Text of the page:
Murabitat (defenders of the faith,[1] steadfast,[2] or garrison soldiers[3])[4][5] is an Islamist[4] political movement of Muslim women, funded by the northern branch of the Islamic Movement in Israel.[6][7] The group organises classes at Al-Aqsa on Arabic literacy and qira'at and tajweed in Qur'anic recitation.

Members of the movement have also monitored Jewish visitation to the Al-Aqsa compound and attempts by activists to perform Jewish prayers,[4] which, per the status quo, is disallowed by the Israeli and Jordanian authorities.[3][8] Members have disrupted several such attempts by verbally abusing,[2][4] and on occasion physically assaulting, Jewish activist groups.[7][4] Israel has in turn attempted to bar access to Al-Aqsa by members of the group.[6][7]

History edit

The parallel groups, Murabiton for men and Murabitat for women, were created by the northern branch of the Islamist group, Islamic Movement in Israel in 2012.[4][3] According to Haaretz, their purpose is "to harass Jews visiting Temple Mount."[4] The groups run a daily shuttle service between the concentration of Arab towns including Umm al-Fahm and Tayibe), that is called the Triangle, as well as from the Negev and the Galilee to the Temple Mount.[4]

According to Israeli security officials, before the male and female groups were banned and the offices of the NGO funding them closed, activists were paid 3,000–4,000 shekels ($771–$1,028) per month, with some of the funds coming from the Gulf States.[4]

Incidents edit

According to Christian Broadcasting Network, the women are, "paid to harass female visitors to the Temple Mount even when they're modestly dressed."[9]

In August, 2015, the women harassed a group of visiting Members of the United States Congress, including Rep. Evan Jenkins, Rep. Trent Franks, Rep. Keith Rothfus and Mr. Jenkins' wife, Elizabeth Jenkins.[9] [10][6] Congressman Jenkins described himself as being, "struck by the level of intolerance and the confrontational attitudes and approach and actions" taken by the group."[10] He described the behavior of the Muslims on the Temple Mount that day as "shocking".[6]

Moshe Ya'alon, the Minister of Defense, has asserted that the groups' behavior leads, "to violence that could harm human life."[4]

Declared illegal edit

In August 2015, the activists were banned from Temple Mount by Israeli Minister of Public Security, Gilad Erdan, during morning visiting hours.[7] Earlier, the Arab League condemned the plan to ban the group.[11] On September 8, 2015, Defense Minister Moshe Ya'alon signed an order which declared the Murabitat group as an illegal organization.[12][4]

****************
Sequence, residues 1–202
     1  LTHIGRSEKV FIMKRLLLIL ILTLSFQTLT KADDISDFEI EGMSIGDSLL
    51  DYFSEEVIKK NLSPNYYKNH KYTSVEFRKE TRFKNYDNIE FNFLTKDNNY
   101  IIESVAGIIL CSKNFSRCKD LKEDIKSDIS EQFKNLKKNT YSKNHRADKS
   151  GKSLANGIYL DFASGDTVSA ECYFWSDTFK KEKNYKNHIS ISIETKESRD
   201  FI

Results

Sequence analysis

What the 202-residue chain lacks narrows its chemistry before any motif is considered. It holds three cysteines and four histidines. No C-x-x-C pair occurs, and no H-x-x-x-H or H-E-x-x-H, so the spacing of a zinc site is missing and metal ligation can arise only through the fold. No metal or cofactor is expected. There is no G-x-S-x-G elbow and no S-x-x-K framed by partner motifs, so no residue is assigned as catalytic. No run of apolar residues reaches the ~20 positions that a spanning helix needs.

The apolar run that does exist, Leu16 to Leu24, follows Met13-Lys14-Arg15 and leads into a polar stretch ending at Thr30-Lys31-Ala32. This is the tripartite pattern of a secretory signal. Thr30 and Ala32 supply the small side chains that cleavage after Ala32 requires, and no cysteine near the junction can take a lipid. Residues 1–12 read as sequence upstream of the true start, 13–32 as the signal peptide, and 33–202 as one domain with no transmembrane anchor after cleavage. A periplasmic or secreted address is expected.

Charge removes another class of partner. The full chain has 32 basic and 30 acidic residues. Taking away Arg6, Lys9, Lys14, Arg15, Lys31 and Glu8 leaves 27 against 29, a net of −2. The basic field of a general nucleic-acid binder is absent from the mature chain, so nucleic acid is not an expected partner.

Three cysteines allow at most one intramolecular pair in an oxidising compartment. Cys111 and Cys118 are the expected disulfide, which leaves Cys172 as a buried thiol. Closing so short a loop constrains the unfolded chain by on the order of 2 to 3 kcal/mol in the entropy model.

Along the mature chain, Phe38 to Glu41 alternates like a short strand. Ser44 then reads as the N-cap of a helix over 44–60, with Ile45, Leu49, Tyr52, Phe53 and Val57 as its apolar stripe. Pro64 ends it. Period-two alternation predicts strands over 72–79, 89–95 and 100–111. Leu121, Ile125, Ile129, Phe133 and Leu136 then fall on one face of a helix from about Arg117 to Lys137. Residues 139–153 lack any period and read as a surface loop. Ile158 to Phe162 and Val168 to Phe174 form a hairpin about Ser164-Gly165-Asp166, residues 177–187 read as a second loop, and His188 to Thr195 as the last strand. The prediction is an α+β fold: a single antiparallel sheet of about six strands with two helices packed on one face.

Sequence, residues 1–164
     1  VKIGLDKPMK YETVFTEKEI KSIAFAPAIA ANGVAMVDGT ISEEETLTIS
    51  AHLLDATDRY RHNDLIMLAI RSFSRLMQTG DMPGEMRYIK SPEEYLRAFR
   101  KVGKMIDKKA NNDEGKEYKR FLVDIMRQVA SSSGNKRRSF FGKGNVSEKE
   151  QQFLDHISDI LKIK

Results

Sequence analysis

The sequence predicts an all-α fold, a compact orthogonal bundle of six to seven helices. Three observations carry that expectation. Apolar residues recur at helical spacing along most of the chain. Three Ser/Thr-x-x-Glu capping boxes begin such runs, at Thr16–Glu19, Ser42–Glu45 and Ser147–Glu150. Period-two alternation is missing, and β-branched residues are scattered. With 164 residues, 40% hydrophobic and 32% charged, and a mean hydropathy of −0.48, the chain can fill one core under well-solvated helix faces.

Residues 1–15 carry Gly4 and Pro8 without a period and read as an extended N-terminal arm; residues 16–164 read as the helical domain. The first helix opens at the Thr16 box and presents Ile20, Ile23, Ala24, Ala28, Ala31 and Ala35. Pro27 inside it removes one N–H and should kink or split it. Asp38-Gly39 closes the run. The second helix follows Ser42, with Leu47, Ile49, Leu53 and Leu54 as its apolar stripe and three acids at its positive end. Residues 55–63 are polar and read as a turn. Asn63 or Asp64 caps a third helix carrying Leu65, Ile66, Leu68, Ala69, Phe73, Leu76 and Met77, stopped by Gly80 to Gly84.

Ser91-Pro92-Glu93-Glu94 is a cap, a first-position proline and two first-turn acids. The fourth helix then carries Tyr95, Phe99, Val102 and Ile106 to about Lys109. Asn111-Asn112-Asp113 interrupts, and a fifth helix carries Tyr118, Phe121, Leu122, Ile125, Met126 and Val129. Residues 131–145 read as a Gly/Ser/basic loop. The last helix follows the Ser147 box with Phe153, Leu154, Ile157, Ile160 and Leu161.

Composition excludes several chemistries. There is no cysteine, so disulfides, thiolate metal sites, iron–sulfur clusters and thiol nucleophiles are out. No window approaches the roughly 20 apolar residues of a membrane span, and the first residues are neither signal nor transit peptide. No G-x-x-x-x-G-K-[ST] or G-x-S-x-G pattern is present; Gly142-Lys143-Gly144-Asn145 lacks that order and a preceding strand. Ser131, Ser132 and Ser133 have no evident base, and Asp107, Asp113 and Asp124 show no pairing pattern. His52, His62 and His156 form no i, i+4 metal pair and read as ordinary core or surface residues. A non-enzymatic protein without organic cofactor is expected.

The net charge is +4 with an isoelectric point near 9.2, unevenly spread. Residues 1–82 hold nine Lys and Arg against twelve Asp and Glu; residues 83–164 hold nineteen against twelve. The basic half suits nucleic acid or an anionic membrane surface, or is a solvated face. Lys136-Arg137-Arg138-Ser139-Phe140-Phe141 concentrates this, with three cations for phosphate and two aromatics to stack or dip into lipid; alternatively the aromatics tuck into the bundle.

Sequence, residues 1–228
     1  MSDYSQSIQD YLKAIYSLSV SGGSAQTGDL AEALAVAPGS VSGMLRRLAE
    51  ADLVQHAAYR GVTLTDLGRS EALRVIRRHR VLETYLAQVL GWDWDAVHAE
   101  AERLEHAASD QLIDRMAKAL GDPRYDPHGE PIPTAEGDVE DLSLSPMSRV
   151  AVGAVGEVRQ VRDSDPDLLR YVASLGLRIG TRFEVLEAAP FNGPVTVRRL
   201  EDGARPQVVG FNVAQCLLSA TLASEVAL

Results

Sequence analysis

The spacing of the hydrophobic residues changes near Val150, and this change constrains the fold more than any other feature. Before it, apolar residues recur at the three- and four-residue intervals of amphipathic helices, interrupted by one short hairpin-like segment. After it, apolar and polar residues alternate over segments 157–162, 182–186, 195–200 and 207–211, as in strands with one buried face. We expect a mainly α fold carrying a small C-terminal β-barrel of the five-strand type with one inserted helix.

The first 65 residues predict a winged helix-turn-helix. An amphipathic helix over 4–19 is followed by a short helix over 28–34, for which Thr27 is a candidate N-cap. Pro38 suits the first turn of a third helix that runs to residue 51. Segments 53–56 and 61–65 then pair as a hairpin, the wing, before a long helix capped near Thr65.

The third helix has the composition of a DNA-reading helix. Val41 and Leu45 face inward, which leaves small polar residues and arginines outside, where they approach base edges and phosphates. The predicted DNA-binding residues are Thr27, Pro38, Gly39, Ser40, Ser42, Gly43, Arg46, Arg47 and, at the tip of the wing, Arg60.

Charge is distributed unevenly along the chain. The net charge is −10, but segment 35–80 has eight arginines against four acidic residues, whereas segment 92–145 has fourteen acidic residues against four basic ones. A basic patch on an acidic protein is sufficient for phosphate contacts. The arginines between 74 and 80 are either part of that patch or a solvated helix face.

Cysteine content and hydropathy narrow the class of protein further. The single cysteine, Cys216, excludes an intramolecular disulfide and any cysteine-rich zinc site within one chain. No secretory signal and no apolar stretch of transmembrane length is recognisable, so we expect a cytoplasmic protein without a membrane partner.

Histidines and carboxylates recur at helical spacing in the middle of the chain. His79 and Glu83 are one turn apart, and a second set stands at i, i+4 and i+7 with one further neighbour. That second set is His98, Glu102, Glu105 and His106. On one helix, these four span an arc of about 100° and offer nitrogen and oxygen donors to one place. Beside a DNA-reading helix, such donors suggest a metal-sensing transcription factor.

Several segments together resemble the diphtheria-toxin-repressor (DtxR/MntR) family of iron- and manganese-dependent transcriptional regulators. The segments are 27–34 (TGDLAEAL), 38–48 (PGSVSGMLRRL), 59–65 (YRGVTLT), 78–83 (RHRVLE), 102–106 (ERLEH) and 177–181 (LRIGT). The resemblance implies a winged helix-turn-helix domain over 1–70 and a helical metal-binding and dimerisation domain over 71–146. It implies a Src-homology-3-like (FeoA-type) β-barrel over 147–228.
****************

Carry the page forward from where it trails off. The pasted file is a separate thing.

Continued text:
Sheikh Azzam al-Khatib, head of the Jerusalem Islamic Waqf that administers the Temple Mount, called the decision, "totally unacceptable", asserting that the government of Israel had "no right" to intervene.[13]

External links edit

References edit

  1. ^ "Hardline Israelis anger Palestinians by trying to reclaim prayer rights at Jerusalem's most famous holy site". The Telegraph. January 7, 2015.
  2. ^ a b "Al-Aqsa's women resist". Al Monitor. October 27, 2014.
  3. ^ a b c Hadid, Diaa (9 September 2015). "Israel Bans 2 Muslim Groups That Protest at Jerusalem Holy Site". New York Times. Retrieved 10 September 2015.
  4. ^ a b c d e f g h i j k Cohen, Gili (9 September 2015). "Israel Bans Two Muslim Activist Groups From Temple Mount". Haaretz. Retrieved 10 September 2015.
  5. ^ "Foreign Ministry Condemns Calls to Ban Protesting Palestinians' Entry to Al-Aqsa Mosque". Wafa. 24 August 2015. Retrieved 9 September 2015.
  6. ^ a b c d Harkov, Lahav (11 August 2015). "Arabs harass US congressmen during visit to Temple Mount". Jerusalem Post. Retrieved 9 September 2015.
  7. ^ a b c d "At Temple Mount gate, banned Muslim activists vent their anger". Times of Israel. September 3, 2015.
  8. ^ Gonen, Rivka (2003). Contested holiness : Jewish, Muslim, and Christian perspectives on the Temple Mount in Jerusalem. Jersey City (N. J.): KTAV. pp. 149-155. ISBN 9780881257984.
  9. ^ a b Barrow, Tzippe (12 August 2015). "Muslims Harass US Congressmen on Temple Mount". CBN. Retrieved 9 September 2015.
  10. ^ a b Fields, Ben (13 August 2015). "Back in US, Jenkins recounts Israel temple incident". Herald Dispatch. Retrieved 9 September 2015.
  11. ^ "Arab League slams Israel's attempts to ban Aqsa Mosque society". Palestinian Information Center. August 28, 2015.
  12. ^ "Defense Minister Outlaws Temple Mount Screamers". Arutz 7. September 9, 2015.
  13. ^ "Israel outlaws Palestinian groups at Aqsa compound". Ma'an News Agency. 9 September 2015. Retrieved 11 September 2015.